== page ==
I was recently getting a drink of water from a fountain on campus, when an overflowing trash can nearby caught my eye.

Although it wasn‘t out of the ordinary, the feature that drew my attention to it was its content of numerous plastic water bottles.

As my day progressed. I couldn’t help feeling as though these plastic water bottles were following me, whether being consumed in the classroom, lying on a podium, or traveling in a backpack compartment.

The truth is that over consumption of bottled water exists heavily throughout all of America, and not just on the Millersville campus. We have succumbed to its promising advertisements of cleanliness, as well as the convenience it offers by being readily available for those on the go.

The United States in an on-the-go society, but this doesn’t mean that we must be wasteful as well.

According to How Stuff Works, 90 percent of plastic water bottles end up in the trash, such as the one on campus, or as litter. It can take up to a thousand years for these bottles to biodegrade.

The incineration process that is used to dispose of plastic bottles creates toxic gases, such as chlorine gas and ash, that pollute the air. The burning of these bottles is also contributing to global warming.

As if the disposing process is not enough, millions of barrels of oil are used to create plastic bottles, as well as transport them from all over the world.

According to the Earth Policy Institute, the fuel that is used to create the plastic that goes into creating bottled water is 1.5 billion gallons of oil. This valuable resource being wasted on unnecessary bottling is equivalent to the amount of fuel it takes to run 100,000 cars for a year.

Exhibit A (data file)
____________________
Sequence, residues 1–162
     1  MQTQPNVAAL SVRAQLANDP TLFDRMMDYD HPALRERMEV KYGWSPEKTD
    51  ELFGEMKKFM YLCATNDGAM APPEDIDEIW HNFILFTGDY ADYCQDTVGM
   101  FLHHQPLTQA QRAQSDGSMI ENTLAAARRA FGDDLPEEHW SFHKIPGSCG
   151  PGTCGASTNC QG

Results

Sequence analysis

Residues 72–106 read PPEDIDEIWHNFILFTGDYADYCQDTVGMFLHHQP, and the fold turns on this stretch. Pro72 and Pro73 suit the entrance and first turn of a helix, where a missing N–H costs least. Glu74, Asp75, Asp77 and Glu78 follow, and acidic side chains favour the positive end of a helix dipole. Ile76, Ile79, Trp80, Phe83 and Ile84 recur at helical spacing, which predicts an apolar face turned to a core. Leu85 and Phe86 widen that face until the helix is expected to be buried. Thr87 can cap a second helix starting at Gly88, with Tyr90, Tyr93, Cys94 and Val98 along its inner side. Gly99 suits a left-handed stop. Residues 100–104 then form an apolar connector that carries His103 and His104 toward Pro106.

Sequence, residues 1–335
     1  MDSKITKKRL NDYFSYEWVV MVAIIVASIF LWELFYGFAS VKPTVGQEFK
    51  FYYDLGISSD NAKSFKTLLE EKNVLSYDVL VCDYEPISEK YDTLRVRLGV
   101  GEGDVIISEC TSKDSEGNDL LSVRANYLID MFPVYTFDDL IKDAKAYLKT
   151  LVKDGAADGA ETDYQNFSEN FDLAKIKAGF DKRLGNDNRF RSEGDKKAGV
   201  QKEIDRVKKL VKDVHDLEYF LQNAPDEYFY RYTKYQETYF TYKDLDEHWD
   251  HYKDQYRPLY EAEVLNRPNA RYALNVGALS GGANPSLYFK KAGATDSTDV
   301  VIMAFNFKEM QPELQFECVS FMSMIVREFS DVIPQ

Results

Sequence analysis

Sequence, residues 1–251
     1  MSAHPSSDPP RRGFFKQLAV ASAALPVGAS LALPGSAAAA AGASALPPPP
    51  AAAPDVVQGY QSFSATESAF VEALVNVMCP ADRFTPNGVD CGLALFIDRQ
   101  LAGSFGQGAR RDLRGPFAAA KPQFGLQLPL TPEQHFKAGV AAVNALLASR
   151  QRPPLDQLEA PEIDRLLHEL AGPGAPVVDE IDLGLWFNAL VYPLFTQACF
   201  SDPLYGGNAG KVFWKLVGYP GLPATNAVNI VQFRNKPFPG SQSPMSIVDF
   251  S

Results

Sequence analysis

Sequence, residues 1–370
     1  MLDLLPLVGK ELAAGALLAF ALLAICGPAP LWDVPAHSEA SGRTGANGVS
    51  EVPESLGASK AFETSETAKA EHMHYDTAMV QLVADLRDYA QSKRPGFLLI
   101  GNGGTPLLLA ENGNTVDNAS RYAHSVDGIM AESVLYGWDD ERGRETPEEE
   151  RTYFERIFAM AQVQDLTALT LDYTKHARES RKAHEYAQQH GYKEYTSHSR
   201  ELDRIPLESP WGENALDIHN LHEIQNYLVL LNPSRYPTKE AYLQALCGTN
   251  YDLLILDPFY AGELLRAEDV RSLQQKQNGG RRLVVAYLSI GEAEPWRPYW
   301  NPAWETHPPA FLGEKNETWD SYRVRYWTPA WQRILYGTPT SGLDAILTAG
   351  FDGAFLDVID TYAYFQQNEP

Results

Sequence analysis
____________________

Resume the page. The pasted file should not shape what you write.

Consumers choose bottled water over tap because of its wholesome reputation. Do not let the enticing commercials fool you. Bottled water is not guaranteed to be purer than the water flowing from your tap at home. In fact, bottled water requires FDA  guidelines that are based upon EPA standards set for tap water.

We are often hoodwinked into believing that our bottled water is derived from an exotic paradise or crystal clear mountain spring. The alluring mountainside graphic that appears on our beloved plastic bottle has been placed there to mislead us. Aquafina’s logo is guilty of this depiction.

This drives many to believe what they are drinking is natural spring water, an assumption that couldn’t be more wrong.

Aquafina, which is manufactured by Pepsi, just recently added a new feature to its label. In response to the growing concerns involving the bottled water industry, as well as the “Think Outside of the Bottle” campaign, the company will be including the words “public water source” on their label.

Once happy to lead consumers to believe their product was originating from a mountainside spring, action is now being taken to make its true source, the tap, well known. Why should we pay double the amount for the same resource that is already available to us?

It is regrettable that the bottled water business is booming when America has one of the cleanest public water systems in the world, and that reach nearly every home.

According to the Beverage Marketing Corporation, Americans spent over $15 billion on bottled water in 2006, a statistic that has been increasing.

Water is a natural resource that is a human right that shoul not be fluffed and sold for profit. I will no longer contribute to this number.

Opting for the use of bottled water containers and pitchers, investing in home and traveling water purifiers can eliminate unneeded strain on the earth, as well as save money over time.

Like many other Americans who have become outraged by the unnecessary waste bottled water consumption has produced, I will resort to more economic and earth-friendly alternatives.

The EPA guidelines for disinfection and parasite detection of tap water have been undermined for far too long.